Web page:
Cook-Free Freezer Stocking

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Everyone knows that kids love fish sticks, chicken nuggets and fries. If you're stocking your freezer for the weeks following your baby's arrival and you already have small children in the house, consider adding some of these foods to your meal planner. It's an easy way to extend the time between your baby's birth and resumption of cooking duties without actually having to prepare something.

Healthier versions of these foods are available at most grocery stores. Most brands of frozen fries are lower fat as long as you bake them instead of deep frying them. Chicken nuggets are available in baked versions, and fish sticks are too.

Lasagnas, ready-made crockpot meals and frozen skillet meals are other cook-free options for stocking your freezer fast. Consider shopping at a whole foods market or at a store like Trader Joes for higher quality, pre-made frozen meals. You can also supplement your freezer stock with pre-made burgers, prepared, marinated chicken breasts or other convenience foods. Pack them with a vacuum sealer for best quality.

Even if there is limited time between now and your due-date, you can add extra days or even weeks to your freezer stock with these easy, ready-made meals. Just be sure to spread them out in the weeks following your baby's arrival, as they're probably not going to be as yummy as those meals you've prepared yourself!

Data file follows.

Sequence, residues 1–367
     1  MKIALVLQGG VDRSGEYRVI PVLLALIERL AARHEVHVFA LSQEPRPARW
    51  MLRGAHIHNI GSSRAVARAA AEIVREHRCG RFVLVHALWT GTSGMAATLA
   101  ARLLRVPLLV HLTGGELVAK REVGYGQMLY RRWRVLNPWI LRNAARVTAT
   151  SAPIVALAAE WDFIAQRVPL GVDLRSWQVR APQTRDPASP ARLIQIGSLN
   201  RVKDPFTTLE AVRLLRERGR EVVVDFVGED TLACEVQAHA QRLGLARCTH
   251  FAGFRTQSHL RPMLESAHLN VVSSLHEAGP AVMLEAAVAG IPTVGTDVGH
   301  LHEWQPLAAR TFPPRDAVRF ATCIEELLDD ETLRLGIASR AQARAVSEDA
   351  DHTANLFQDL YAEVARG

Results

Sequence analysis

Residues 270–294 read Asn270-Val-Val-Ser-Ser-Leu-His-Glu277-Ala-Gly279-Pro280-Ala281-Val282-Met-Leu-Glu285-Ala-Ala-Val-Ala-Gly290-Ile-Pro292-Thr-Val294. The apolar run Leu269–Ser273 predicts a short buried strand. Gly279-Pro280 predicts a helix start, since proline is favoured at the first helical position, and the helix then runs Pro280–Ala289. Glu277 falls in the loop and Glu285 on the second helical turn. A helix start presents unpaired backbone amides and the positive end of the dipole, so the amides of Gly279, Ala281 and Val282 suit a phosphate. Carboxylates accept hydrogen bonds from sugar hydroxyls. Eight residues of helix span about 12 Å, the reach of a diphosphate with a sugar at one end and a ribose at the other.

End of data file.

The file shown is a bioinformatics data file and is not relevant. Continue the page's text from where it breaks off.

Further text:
Easy Sides

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You're just a couple of weeks away from your due date, and your freezer is stocked with enough main courses to feed your family for three months. You feel like you've had a weight lifted from your shoulders--when your baby arrives, you won't need to waste precious time in the kitchen. You'll just pop a frozen meal in the microwave, thaw it out, warm it up in the pan and voilĂ ! Dinner is served.

Except you still need to serve a side of vegetables, potatoes, salad or some other dish--very few meals are self-contained and most need to be complimented with some fresh produce. You'll need an arsenal of simple, fast side dish recipes--enough to cover all of the dinner options you have in your freezer. Time to start planning!

Fortunately, vegetables don't require a lot of complex seasoning or long cooking times. Some meals are well complimented with very simple side dishes. Pot pies, for example, go nicely with simple steamed broccoli. So do whole chicken breasts and roasted beef. Italian pasta dishes are easy to compliment with a Caesar salad or an Italian salad with a vinegarette dressing (postpartum, buy bagged kits at the grocery store*)